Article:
- International investment firms have changed their China GDP forecasts nearly every month so far this year, with JPMorgan making six adjustments since January.
- That’s according to CNBC analysis of the firms’ notes.
- The average prediction among six firms studied by CNBC now stands at 5.1%, close to the “around 5%” target Beijing announced in March.
Workers load goods for export onto a crane at a port in Lianyungang, Jiangsu province, China June 7, 2019.
BEIJING – International investment firms have changed their China GDP forecasts nearly every month so far this year, with JPMorgan making six adjustments since January.
That’s according to CNBC analysis of the firms’ notes. JPMorgan did not immediately respond to a request for comment.
The U.S. investment bank most recently cut its China GDP forecast in July to 5%, down from 5.5% previously.
That came alongside cuts this month by Citi and Morgan Stanley to 5%.
The average prediction among six firms studied by CNBC now stands at 5.1%, close to the “around 5%” target Beijing announced in March.
Citi’s latest forecast marks the firm’s fourth change this year. Morgan Stanley has only adjusted its forecast once since it was set in January.
During that same period, Nomura changed its forecast four times, while UBS adjusted it three times and Goldman Sachs changed forecasts twice.
The investment banks mostly revised their forecasts higher early this year after China’s initial rebound, following three years of strict Covid controls.
The latest cuts come as recent economic data point to slower growth than expected, and authorities show little inclination to embark on large-scale stimulus. Second-quarter GDP rose by 6.3% from a year ago, missing the 7.3% growth that analysts polled by Reuters had predicted.
The disappointment in second-quarter GDP growth, however, is due to official revisions to China’s quarter-on-quarter growth last year, according to Rhodium Group’s Logan Wright and a team.
The resulting low figure helps Beijing make a case for supporting the economy, the analysts said in a July 17 report. “Understand what you are seeing in this year’s GDP data: these are artificially constructed narratives for various audiences, not reports on China’s economic performance.”
The National Bureau of Statistics did not immediately respond to CNBC’s request for comment.
Instead of releasing multiple reads of data, the bureau discloses quarterly GDP relatively soon after the end of the period, and subsequently issues revisions.
The statistics bureau has also issued public statements about punishing local governments for falsifying data. The accuracy of official data in China has long been in question.
Goldman Sachs on Friday noted the seasonal revisions, but maintained its 5.4% forecast for China’s growth. “On net, we do not think the surprises are either consistent or large enough for us to make major adjustments to our China growth forecast this year.”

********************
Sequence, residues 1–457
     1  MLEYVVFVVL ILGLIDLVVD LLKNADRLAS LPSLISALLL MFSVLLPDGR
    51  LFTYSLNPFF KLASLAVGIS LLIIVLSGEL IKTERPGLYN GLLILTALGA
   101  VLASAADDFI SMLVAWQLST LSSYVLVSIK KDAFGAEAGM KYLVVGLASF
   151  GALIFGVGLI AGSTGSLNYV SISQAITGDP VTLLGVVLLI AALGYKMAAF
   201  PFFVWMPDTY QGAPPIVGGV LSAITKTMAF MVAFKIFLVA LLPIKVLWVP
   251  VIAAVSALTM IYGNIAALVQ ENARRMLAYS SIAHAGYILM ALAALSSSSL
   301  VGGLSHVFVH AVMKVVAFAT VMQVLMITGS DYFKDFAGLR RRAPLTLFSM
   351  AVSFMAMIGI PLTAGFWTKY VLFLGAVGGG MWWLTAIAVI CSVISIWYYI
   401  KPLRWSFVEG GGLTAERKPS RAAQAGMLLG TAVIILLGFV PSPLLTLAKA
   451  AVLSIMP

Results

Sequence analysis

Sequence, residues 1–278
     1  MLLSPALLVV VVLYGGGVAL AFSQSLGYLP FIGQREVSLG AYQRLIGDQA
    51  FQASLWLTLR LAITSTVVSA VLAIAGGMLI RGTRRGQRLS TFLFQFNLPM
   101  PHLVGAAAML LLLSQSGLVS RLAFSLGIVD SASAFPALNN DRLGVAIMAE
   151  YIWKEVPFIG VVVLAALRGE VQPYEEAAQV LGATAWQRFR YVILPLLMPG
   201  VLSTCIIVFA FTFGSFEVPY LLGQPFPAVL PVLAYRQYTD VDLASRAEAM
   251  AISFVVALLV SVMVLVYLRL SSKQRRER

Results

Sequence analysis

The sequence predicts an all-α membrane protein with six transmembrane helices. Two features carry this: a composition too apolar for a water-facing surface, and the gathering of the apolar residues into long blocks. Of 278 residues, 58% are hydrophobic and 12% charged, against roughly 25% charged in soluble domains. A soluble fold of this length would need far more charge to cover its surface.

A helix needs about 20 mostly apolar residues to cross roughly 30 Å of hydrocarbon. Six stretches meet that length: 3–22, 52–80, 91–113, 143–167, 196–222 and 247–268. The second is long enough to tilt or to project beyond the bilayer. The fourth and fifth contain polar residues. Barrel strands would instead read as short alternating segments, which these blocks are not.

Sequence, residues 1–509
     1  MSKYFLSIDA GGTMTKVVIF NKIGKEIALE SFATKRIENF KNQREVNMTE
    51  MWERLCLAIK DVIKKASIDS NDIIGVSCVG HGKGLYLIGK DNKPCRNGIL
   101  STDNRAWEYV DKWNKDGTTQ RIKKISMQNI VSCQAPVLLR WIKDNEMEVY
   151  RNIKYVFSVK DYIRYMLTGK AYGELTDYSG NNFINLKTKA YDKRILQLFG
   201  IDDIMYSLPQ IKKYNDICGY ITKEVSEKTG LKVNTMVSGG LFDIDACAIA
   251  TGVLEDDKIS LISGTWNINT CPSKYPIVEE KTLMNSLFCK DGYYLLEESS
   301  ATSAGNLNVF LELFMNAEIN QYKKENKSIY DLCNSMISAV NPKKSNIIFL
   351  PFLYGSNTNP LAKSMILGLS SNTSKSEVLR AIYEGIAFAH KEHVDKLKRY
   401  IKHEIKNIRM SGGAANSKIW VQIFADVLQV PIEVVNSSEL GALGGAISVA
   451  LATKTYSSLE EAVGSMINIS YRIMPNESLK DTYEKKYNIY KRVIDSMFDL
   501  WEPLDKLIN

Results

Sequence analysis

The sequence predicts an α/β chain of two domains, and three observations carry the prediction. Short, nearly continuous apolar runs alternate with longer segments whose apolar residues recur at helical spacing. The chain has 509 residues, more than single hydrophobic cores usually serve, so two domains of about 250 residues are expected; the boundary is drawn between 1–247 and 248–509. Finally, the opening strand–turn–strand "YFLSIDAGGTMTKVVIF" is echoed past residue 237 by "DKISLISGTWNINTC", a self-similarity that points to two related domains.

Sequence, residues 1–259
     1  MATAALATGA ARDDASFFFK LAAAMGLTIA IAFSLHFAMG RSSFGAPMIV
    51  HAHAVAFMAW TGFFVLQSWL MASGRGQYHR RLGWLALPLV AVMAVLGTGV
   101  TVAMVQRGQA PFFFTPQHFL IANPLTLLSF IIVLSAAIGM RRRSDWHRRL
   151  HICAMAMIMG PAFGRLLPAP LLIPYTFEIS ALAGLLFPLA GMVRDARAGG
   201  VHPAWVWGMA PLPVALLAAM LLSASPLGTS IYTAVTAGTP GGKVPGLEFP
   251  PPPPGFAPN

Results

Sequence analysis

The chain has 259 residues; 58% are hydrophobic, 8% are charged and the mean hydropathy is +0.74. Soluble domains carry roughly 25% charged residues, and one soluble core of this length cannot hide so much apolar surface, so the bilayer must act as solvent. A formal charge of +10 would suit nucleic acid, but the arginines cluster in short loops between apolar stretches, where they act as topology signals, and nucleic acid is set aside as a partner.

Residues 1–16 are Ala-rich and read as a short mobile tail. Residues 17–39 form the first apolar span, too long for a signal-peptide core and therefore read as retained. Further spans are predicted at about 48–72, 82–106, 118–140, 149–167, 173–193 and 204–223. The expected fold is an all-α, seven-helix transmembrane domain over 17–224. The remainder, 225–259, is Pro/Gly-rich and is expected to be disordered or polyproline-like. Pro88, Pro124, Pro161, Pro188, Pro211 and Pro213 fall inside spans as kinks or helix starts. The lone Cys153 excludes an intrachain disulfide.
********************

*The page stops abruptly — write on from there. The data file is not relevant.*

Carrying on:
Researchers have sought alternatives to gauge growth.
One organization is the U.S.-based China Beige Book, which claims to regularly survey businesses in China in order to put out reports on the economic environment.
Earlier this year, the firm’s data “showed there was no revenge spending wave or a bombastic recovery,” said Shehzad Qazi, New York-based managing director at China Beige Book.
“Wall Street’s predictions of blockbuster growth in China were first based on hype, and then juiced up by China’s inflated GDP prints into early 2023.”
Qazi testified this month at a hearing of the U.S. House Select Committee on the Chinese Communist Party.
Investment bank research is often known as the “sell-side,” since it is meant to inform buyers about financial products and company stocks.
In the case of China, Qazi pointed out that “investment banks are not only incentivized to sell a ‘China booming’ story, but given their business interests in China, they are also unwilling to publish any views that can be seen as critical of China’s economy.”
The World Bank and International Monetary Fund also put out regular economic forecasts for China and other countries. However, their reporting schedule means that predictions may not fully match current the current economic situation.
In June, the World Bank raised its forecast for China’s growth this year to 5.6%, up from 4.3% previously.
The International Monetary Fund in April raised its forecast for China’s GDP to 5.2%, up from 4.4% previously. This month, its spokesperson noted that growth was slowing in China, and said an “updated forecast” would be reflected in the IMF’s next World Economic Outlook.
Chinese officials have in the last several weeks emphasized the country is on track to reach its annual growth target of around 5%.
Among the six investment firms CNBC looked at, the highest China GDP forecast so far this year was JPMorgan’s 6.4% figure — when the bank adjusted for the second time in April alone.
In all, the range of the firm’s forecasts have spanned 1.4 percentage points, the most of any of those in the CNBC analysis.
Although businesses and investors have expressed uncertainty about China’s near-term economic trajectory, analysts expect growth in the world’s second-largest economy will still pick up in the longer term.
“Overall, there is a case emerging for a cyclical rebound in China’s economy in early 2024, even without any meaningful policy support in the second half of 2023,” the Rhodium analysts said.
They said that given four quarters, a steady household consumption recovery should help boost service sector employment, while industrial inventories will likely need restocking down the road.